Spain rejects Catalan push for independence

Region's leader says he will press on with bid for referendum after his request is rejected by the national parliament.

Last updated: 09 Apr 2014 02:18
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Catalonia's regional parliament members say the referendum must go ahead [Reuters]

Catalonia's president has vowed to press ahead with a bid for independence from Spain after the national parliament rejected his request for a referendum.

Spanish MPs on Tuesday overwhelmingly voted against the referendum for Catalonia's independence, following a seven-hour debate.

I can't imagine Spain without Catalonia, or Catalonia out of Europe.

Mariano Rajoy, prime minister of Spain

The petition was rejected by 299 to 47 votes. Only Catalan and Basque nationalist parties voted in favour.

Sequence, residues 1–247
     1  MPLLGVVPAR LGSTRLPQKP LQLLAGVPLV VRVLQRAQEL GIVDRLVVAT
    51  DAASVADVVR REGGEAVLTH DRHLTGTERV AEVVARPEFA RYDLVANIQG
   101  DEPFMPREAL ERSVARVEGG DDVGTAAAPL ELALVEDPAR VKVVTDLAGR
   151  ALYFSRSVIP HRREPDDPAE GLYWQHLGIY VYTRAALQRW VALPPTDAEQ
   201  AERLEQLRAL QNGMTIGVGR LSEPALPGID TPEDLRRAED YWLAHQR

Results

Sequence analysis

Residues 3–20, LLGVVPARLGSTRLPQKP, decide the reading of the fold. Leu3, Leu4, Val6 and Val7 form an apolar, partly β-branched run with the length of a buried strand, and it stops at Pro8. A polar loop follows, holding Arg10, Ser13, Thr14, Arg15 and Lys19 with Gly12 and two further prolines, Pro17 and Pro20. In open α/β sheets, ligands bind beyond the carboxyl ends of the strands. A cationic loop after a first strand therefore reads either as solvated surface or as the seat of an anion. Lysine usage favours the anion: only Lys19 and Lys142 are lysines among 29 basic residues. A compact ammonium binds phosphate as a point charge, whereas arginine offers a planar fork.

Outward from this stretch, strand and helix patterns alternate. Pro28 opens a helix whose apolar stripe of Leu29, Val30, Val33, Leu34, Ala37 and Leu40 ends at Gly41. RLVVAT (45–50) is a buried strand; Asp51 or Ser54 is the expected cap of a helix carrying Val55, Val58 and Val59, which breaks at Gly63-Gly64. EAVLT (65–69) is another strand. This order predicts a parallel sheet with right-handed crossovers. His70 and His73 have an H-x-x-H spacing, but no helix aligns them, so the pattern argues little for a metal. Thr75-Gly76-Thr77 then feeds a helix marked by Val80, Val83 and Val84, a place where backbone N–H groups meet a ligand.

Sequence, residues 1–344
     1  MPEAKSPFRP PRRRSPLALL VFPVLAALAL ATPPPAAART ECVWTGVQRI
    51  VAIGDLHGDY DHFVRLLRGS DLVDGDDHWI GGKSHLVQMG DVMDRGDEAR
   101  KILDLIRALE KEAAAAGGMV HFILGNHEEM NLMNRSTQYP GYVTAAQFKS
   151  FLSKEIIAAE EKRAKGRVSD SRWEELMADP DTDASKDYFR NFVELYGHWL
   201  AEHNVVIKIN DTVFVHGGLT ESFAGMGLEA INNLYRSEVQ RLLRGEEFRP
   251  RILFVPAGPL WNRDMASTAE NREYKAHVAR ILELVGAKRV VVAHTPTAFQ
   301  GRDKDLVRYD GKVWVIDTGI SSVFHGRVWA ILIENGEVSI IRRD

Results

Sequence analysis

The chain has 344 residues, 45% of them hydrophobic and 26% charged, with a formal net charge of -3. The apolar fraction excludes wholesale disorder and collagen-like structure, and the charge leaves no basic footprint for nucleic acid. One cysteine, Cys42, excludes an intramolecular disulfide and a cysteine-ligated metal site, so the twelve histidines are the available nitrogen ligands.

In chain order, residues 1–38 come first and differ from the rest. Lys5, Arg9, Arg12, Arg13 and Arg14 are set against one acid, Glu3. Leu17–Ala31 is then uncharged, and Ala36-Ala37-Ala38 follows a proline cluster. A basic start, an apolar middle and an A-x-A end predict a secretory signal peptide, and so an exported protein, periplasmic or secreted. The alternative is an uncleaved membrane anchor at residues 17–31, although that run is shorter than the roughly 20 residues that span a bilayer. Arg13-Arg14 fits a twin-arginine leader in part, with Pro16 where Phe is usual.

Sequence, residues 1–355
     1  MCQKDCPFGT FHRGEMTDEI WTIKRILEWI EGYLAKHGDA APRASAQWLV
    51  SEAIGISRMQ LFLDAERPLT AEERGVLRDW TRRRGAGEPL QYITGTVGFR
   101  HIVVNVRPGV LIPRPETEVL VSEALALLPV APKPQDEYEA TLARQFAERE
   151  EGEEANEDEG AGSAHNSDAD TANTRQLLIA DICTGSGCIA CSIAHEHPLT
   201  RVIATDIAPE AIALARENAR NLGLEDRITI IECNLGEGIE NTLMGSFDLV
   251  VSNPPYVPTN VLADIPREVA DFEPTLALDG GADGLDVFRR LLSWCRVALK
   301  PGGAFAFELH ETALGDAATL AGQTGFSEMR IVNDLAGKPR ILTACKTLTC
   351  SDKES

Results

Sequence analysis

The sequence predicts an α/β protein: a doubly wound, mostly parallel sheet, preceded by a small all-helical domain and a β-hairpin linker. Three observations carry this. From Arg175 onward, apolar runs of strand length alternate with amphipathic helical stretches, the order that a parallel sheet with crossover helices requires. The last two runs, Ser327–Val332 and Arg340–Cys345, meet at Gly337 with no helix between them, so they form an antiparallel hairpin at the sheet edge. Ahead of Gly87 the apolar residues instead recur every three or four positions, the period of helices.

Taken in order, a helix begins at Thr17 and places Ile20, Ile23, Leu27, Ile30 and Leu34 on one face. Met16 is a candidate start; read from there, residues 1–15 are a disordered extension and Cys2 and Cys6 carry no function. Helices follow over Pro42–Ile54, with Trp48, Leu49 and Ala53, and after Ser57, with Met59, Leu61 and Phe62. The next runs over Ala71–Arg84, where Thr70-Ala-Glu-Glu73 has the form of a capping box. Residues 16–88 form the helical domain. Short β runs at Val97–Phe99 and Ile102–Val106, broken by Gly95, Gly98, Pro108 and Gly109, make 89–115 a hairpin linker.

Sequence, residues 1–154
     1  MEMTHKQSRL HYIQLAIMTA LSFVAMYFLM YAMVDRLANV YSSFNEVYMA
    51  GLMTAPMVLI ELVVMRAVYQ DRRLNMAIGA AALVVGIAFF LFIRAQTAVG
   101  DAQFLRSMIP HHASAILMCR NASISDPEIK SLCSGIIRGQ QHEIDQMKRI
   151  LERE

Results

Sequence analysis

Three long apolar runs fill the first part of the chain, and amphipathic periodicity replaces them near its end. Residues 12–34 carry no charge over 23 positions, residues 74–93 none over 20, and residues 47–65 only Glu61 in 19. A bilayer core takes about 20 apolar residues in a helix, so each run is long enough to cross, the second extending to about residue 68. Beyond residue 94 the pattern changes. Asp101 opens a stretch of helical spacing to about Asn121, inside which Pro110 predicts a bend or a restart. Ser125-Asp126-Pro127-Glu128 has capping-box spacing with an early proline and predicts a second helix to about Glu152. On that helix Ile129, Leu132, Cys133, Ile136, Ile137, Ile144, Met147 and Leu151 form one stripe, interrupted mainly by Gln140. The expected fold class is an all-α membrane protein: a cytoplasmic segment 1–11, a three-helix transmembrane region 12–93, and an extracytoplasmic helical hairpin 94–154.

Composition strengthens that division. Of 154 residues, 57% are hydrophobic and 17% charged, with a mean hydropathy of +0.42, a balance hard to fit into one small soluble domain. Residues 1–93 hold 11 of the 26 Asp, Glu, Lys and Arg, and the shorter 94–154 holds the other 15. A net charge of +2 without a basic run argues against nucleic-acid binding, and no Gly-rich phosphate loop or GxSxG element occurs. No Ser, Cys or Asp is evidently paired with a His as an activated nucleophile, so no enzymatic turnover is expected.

"Some would like to present this as the end of the matter but, as president of Catalonia, I say to them that it is not the end," Artur Mas, the region's president, said in a speech immediately after votes were counted.

"Catalan institutions will search through the legal frameworks to find a way to continue with this consultation."

During the debate, Mariano Rajoy, Spain's prime minister, said: "Maybe I believe in Catalonia more than you do. I love Catalonia like it was my own.

"Together we all win, separate we all lose. This isn't just a question of law, but of sentiment ... I can't imagine Spain without Catalonia, or Catalonia out of Europe."

Catalan politicians said the movement had gained too much momentum to stop the referendum, which Mas had said would take place on November 9.

Rajoy said he will use the courts to block the vote.

If the referendum is shut down by the courts, Mas is expected to use the next election in Catalonia, which must be held by 2016, as a proxy vote on independence.

Opinion polls show that roughly half of Catalans support independence, but a much higher number want the right to vote on the matter. Catalonia accounts for a fifth of the Spanish economy and 16 percent of its population.


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